Ask Sheri: Have I Forgiven Him for His Affair? - BRIGID Magazine

Friday, January 11, 2019

Ask Sheri: Have I Forgiven Him for His Affair?

Dear Sheri,

Fourteen years ago, my ex-husband cheated on me. His second wife ended up being the same woman he'd had the affair with. For many years after, I was hurt and angry by his betrayal. Two years ago, I was finally able to tell him how his actions had injured me so deeply. For the first time, he apologized to me and I truly felt that it was a sincere apology. We had a really good conversation and afterwards I felt as if a weight had been lifted off me. I could even forgive him for what he'd done and leave what had happened to me in the past. But recently, when I thought about how I was treated, it still hurt. I haven't been in love with him for years now — that I know for certain — but have I really forgiven him for his affair if I still feel pain? Have I truly moved on?

NN in New York

✍🏻 ✍🏼 ✍🏽 ✍🏾 ✍🏿

Dear NN in New York,

Thank you for sharing about your struggle with healing and moving on from this deep source of wounding within your former marriage.

Our capacity to love is often squelched by the harshness of life and mistreatment, causing love to morph into fear, hatred, and indifference. None of us are immune to the degree in which betrayal and humiliation can crush the spirit. We have all experienced how relational assaults can morph into self-imposed verdicts, which disconnect us from our innermost being or our deepest sense of who we are. This is especially true when contending with the lies and deceit accompanying infidelity within a marriage.

Attachment is our biological inheritance. We are biologically programmed to form emotional bonds throughout life in order to survive and thrive. Erik Erickson's theory of life span development asserts that the development of the capacity for romantic intimacy is one of the major markers of late adolescence and young adulthood. Additionally, British psychoanalyst John Bowlby explained that the attainment of adult romantic love is largely predicated on the emotional bonds prevalent within the child-parent relationship. This tells us that healthy early attachment is the precursor to mature love. It stands to reason then that folks who carry an attachment blueprint that is anxious, ambivalent, insecure, avoidant and hostile, exhibit an impaired potential for mature adult attunement and love. Essentially, the adult lacking a cohesive adult self due to ruptures in early bonding will likely experience difficulties with measuring up to the responsibility of mature love.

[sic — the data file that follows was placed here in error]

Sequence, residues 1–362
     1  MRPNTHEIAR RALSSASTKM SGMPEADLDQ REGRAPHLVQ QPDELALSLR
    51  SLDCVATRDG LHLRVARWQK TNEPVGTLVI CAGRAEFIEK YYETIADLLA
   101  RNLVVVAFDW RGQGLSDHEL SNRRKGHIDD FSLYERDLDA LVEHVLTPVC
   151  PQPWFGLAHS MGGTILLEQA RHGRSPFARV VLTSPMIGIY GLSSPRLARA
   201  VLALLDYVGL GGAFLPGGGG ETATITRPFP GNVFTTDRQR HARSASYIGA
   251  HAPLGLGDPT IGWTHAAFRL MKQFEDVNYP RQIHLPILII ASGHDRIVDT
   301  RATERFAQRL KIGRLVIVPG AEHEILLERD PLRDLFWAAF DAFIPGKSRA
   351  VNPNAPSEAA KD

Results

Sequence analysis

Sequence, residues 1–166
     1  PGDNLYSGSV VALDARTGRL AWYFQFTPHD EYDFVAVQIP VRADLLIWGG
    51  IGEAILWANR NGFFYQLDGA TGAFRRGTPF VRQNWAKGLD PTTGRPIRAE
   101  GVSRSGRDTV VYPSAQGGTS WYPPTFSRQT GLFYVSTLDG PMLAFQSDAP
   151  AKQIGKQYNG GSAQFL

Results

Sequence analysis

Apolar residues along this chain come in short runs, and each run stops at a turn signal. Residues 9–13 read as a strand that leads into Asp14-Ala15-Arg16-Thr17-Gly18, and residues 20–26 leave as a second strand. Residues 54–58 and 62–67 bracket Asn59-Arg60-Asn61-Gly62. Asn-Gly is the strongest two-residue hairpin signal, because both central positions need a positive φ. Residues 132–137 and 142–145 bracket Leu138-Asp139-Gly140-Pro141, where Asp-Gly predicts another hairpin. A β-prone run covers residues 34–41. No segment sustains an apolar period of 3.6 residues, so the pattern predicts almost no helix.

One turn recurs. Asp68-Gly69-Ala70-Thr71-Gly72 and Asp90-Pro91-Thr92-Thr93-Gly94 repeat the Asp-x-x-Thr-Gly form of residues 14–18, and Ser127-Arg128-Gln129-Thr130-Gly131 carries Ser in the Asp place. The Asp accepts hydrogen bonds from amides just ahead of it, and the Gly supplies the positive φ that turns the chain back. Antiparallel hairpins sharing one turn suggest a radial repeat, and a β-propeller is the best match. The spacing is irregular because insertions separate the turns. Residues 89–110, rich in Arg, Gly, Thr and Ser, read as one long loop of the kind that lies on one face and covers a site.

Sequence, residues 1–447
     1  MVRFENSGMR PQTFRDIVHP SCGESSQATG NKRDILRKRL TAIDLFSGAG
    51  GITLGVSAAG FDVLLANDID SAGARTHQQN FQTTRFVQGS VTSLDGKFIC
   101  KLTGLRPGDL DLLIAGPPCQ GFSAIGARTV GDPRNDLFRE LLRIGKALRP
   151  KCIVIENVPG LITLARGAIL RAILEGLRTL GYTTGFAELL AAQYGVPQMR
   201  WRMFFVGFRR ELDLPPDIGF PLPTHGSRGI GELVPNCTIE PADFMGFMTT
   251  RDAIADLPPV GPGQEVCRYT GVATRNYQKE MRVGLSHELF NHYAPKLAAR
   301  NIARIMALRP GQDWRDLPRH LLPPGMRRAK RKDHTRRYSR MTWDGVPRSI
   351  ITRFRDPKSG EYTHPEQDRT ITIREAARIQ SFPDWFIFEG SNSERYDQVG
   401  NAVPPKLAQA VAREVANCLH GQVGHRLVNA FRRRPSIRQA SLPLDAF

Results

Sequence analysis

Given our innate need to bond, the aftermath of betrayal can be especially traumatic and brutal. When the unrealized hunger for a beloved is fulfilled, a profound human need to establish a secure relationship is met. This sacred connection awakens our deepest vulnerabilities and dependency needs. Naturally, in order to maintain safety and trust this bond requires ongoing devotion, loyalty, honesty, and stability. When betrayal occurs, the semblance of one's life is disrupted and core relational wounds from one's past converge with immediate heartbreak. Consequentially, we may feel worthless, trivialized, and unlovable. Being 'replaced' by another further exacerbates these feelings of devaluation. The wounding can run so deep that prolonged isolation behind a wall of bitterness and cynicism might ensue. Profound emotional dysregulation and pervasive fears of risking one's vulnerability with another might also result.